The truth about body shaming
Outfit from  Lesley Jane Boutique  (TRENDYLJB20) ||  Brown Wedges , Nordstrom || Shot at The Lemon Bar

Outfit from Lesley Jane Boutique (TRENDYLJB20) || Brown Wedges, Nordstrom || Shot at The Lemon Bar

In October, Collin and I hosted my younger cousins for a family sleepover. They range in ages 5-13, two boys and three girls. Ellie, the youngest one, was playing an imaginary game using Hatchimals. I joined in and so did my 11 year old cousin Grace (she was 10 at the time). Ellie didn't have enough Hatchimals so we were using these clay marbles as our players. She asked Grace and me what the names of our players were. I quickly came up with a random name, and said "Lisa." Grace looked at her marble, and blurted out "my name is fat." You see, Grace's marble was slightly larger than the other marbles.

Later that night, my 13 year old cousin Kaylee decided to get comfy and put on her sweats. She said, "I brought the pair you gave me but we had to cut the string out because I'm definitely not as skinny as you." 

You guys, both of these instances were like stabs to my heart. First, it made me realize that I am not ready to be a parent in such a harsh world. Second, it reminded me that we as women are trained to look at bodies and utilize certain terms to describe them. While there are many movements focused on body positivity, it's clear that body shaming is still very much relevant and it starts at a young age.  

All my life I've heard comments like:

  • "You're too/so skinny."
  • "You need to eat a cheeseburger."
  • "You look good in everything because you're thin." (This one drives me nuts.)
  • "You're so skinny-minnie."
  • "Do you even eat?"
  • "When I hug you, I just feel bones."
  • "You're so boney."

All of these comments are assumptions on my health and my body. What you probably don't know:

  • My genes have a lot to do with my size. My parents are fairly petite. 
  • For about five years, I was sick to my stomach about 4 times a week due to a gluten sensitivity I didn't know I had.
  • I'm gluten free now.
  • I don't drink soda because I don't like it. In fact, I drink mostly water.
  • I danced, cheered, or did show choir since age 3. I've always been active.
  • I do some type of exercise 3 times a week now. 
  • My eating habits involve a lot of rice and gluten free noodles. But generally, I eat healthy because I just feel better when I do. 

When you're standing naked in front of the mirror, what do you say to yourself? My guess is that you're pointing out every small flaw you could think of. Maybe not, but I can tell you that sometimes I let negativity get the best of me. My hips are uneven due to scoliosis. My boobs are different sizes. I wish I had that pretty olive skin tone. I would love to have a visible six pack, but that's probably not in the cards. 

Our media has aided in setting societal standards that all of us compare our bodies to. I'm not sure if we will ever get past all of it, but my goal is to help you be conscious of your thoughts and words when it comes to your body and others. Last week, I asked you guys on Instagram to send me positive and negative words that you hear so I've rounded those up below.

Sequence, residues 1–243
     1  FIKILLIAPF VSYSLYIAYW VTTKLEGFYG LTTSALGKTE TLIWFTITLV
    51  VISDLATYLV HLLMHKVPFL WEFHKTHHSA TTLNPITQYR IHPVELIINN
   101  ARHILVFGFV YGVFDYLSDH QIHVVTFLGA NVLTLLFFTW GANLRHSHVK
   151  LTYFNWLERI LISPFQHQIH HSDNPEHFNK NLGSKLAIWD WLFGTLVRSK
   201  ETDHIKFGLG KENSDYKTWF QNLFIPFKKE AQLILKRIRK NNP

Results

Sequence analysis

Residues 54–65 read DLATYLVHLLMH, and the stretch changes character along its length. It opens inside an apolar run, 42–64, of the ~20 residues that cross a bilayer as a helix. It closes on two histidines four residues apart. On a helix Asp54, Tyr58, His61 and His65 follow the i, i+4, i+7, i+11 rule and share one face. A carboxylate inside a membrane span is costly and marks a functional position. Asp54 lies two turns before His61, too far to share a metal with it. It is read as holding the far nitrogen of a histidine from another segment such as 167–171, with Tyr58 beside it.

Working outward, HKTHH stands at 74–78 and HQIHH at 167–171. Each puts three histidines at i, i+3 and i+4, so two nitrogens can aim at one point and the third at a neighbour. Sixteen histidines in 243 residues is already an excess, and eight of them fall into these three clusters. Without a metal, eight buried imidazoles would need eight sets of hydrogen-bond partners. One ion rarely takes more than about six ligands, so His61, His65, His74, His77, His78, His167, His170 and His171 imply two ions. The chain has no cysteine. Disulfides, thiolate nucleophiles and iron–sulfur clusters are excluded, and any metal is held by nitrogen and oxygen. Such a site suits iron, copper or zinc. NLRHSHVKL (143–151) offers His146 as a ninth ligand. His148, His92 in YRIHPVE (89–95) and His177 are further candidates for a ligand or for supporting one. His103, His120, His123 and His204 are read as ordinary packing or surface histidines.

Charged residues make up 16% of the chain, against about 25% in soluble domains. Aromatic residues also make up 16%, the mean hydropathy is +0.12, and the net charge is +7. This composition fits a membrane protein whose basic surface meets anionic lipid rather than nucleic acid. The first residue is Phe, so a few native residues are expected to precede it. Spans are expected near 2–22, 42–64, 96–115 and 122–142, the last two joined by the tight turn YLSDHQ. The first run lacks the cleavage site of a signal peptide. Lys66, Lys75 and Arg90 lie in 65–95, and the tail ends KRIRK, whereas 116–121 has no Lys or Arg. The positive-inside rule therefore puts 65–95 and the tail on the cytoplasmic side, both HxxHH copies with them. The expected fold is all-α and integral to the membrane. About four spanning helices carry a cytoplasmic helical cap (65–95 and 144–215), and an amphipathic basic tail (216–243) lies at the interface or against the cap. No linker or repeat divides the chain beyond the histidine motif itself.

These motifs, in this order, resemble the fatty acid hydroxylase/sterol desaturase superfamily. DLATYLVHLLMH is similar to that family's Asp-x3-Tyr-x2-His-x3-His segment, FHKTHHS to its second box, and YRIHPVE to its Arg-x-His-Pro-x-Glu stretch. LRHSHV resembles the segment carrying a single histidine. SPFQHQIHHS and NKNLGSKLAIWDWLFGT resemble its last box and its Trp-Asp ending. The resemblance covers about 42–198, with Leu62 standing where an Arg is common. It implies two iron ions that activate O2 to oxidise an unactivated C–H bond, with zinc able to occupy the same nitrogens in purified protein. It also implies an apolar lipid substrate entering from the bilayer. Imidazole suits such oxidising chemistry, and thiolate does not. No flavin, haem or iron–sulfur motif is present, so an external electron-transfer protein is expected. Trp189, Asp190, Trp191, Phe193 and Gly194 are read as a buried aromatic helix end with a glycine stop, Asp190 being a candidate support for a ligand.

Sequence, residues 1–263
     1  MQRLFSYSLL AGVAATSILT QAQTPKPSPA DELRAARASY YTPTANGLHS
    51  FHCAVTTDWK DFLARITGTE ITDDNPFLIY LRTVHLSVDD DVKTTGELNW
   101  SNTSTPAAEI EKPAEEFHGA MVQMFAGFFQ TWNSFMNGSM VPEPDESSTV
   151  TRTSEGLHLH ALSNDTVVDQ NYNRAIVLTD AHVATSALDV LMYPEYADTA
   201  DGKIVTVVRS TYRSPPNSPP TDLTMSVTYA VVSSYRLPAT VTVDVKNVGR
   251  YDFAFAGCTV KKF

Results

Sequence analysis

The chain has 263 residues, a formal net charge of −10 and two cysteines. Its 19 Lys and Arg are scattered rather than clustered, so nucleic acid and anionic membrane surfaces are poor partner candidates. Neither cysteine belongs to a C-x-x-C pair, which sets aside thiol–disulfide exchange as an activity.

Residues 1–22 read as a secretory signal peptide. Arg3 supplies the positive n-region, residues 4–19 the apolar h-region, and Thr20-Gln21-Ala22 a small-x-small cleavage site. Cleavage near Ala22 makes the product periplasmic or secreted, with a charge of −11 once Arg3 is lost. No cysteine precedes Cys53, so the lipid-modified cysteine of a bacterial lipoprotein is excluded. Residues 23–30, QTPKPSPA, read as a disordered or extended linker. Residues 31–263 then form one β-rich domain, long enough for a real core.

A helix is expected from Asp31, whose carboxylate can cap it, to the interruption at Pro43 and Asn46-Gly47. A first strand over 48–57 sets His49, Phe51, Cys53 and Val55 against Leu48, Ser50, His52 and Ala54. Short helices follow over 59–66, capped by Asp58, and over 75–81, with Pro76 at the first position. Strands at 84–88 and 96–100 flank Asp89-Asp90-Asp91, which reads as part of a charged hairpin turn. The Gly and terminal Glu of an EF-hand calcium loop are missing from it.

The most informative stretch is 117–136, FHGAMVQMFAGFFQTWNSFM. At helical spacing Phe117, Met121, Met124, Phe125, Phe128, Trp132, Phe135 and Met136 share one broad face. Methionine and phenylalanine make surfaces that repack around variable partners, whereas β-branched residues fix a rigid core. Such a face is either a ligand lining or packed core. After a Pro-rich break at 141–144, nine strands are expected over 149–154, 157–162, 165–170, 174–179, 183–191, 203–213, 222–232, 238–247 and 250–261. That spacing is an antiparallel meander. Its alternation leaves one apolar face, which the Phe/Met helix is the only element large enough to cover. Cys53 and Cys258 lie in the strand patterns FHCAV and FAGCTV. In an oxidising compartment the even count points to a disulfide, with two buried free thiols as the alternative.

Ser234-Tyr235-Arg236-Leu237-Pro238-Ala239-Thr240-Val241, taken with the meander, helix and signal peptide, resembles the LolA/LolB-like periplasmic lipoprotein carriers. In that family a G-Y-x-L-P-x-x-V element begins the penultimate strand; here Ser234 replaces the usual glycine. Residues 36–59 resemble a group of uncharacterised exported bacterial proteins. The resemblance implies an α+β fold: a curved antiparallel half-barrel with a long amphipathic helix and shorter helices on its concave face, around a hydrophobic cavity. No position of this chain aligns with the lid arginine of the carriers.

While this list is certainly not exhaustive, I wanted to share the feedback I received from my followers. 

A couple of other comments I wanted to bring attention to:

  • "I hate it when people tell me I have a pretty face. All I hear is that my face is pretty, but the rest of me is not."
  • "I don't think I've gone a week of my life without people commenting on how skinny I am. I just wish people were more aware of their wording about women's bodies or stopped pointing them out in general."

Which brings me to my final point: that we should be commenting on character traits instead of bodies. I think the reason we generally don't is because we notice the physical aspects before the personality. But what if that thought process was reversed?

What if instead of commenting on bodies, we commented on her confidence, her beauty, her work ethic, and so forth. What if when you look in the mirror you complimented yourself instead of criticizing your body.

So my challenges to you are:

  1. Before you walk out the door every morning, look in the mirror and give yourself three positive comments. I don't care if it's "Self, good job on sleeping through the night" or "Self, you look fabulous today." Just find 3 positive things and actually say them out loud.
  2. The next time you go to describe someone's body, think twice. Either describe something about their personality or utilize a positive term. 
  3. We are role models for the next generation. Help us raise strong, confident women that think of their bodies second to their characterisitics to define themselves. 

Our minds are powerful beings. When we think positively, it completely changes how we view ourselves and the world around us. It even helps us with productivity and happiness. 

In the comments below, tell me what you love about yourself.

Cheers to celebrating women and focusing on positivity.